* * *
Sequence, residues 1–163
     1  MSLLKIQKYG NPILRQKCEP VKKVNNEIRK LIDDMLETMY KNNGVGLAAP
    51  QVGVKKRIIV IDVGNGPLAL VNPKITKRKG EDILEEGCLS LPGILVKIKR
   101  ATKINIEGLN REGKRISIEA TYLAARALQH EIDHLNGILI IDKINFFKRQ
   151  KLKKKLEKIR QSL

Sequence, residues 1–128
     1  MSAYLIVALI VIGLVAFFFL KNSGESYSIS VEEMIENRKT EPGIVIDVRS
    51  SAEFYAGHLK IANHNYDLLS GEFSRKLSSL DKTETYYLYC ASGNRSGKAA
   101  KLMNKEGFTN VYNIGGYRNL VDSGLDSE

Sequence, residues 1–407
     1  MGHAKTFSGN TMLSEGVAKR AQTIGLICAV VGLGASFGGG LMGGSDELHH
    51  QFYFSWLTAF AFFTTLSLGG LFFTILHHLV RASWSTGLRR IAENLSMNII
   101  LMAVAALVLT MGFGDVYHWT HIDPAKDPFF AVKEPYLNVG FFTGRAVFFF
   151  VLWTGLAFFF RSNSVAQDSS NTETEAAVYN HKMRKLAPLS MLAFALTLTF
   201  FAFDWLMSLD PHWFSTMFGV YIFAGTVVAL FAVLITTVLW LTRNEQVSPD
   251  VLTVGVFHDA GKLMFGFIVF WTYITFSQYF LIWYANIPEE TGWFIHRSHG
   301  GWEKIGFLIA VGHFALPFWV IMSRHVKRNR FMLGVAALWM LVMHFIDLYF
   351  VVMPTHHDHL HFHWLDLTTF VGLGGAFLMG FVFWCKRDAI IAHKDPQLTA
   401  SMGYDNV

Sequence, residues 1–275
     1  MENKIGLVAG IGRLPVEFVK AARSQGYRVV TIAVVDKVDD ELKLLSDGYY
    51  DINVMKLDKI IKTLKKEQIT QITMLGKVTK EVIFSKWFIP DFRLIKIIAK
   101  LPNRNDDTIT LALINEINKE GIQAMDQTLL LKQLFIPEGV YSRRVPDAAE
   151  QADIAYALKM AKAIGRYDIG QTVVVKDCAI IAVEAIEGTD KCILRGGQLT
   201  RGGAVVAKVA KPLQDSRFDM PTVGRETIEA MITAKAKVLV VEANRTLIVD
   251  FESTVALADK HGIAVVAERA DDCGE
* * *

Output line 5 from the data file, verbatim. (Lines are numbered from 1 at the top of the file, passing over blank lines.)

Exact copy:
   151  KLKKKLEKIR QSL